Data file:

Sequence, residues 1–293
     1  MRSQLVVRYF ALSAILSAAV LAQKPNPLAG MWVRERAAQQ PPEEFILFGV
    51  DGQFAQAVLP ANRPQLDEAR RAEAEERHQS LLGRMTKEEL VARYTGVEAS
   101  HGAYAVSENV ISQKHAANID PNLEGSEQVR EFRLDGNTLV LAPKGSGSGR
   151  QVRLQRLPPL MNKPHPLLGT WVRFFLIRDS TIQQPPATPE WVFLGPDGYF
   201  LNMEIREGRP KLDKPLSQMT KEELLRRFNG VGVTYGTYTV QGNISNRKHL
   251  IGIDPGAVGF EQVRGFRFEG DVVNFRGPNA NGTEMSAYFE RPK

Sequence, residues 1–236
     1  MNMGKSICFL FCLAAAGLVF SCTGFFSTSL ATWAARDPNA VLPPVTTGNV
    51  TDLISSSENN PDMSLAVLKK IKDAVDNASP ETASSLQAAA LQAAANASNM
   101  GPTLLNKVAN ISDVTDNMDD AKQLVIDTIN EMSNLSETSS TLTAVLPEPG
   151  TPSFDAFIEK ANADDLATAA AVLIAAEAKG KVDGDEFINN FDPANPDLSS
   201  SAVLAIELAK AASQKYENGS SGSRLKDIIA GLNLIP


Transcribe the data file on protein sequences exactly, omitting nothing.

Sequence, residues 1–293
     1  MRSQLVVRYF ALSAILSAAV LAQKPNPLAG MWVRERAAQQ PPEEFILFGV
    51  DGQFAQAVLP ANRPQLDEAR RAEAEERHQS LLGRMTKEEL VARYTGVEAS
   101  HGAYAVSENV ISQKHAANID PNLEGSEQVR EFRLDGNTLV LAPKGSGSGR
   151  QVRLQRLPPL MNKPHPLLGT WVRFFLIRDS TIQQPPATPE WVFLGPDGYF
   201  LNMEIREGRP KLDKPLSQMT KEELLRRFNG VGVTYGTYTV QGNISNRKHL
   251  IGIDPGAVGF EQVRGFRFEG DVVNFRGPNA NGTEMSAYFE RPK

Sequence, residues 1–236
     1  MNMGKSICFL FCLAAAGLVF SCTGFFSTSL ATWAARDPNA VLPPVTTGNV
    51  TDLISSSENN PDMSLAVLKK IKDAVDNASP ETASSLQAAA LQAAANASNM
   101  GPTLLNKVAN ISDVTDNMDD AKQLVIDTIN EMSNLSETSS TLTAVLPEPG
   151  TPSFDAFIEK ANADDLATAA AVLIAAEAKG KVDGDEFINN FDPANPDLSS
   201  SAVLAIELAK AASQKYENGS SGSRLKDIIA GLNLIP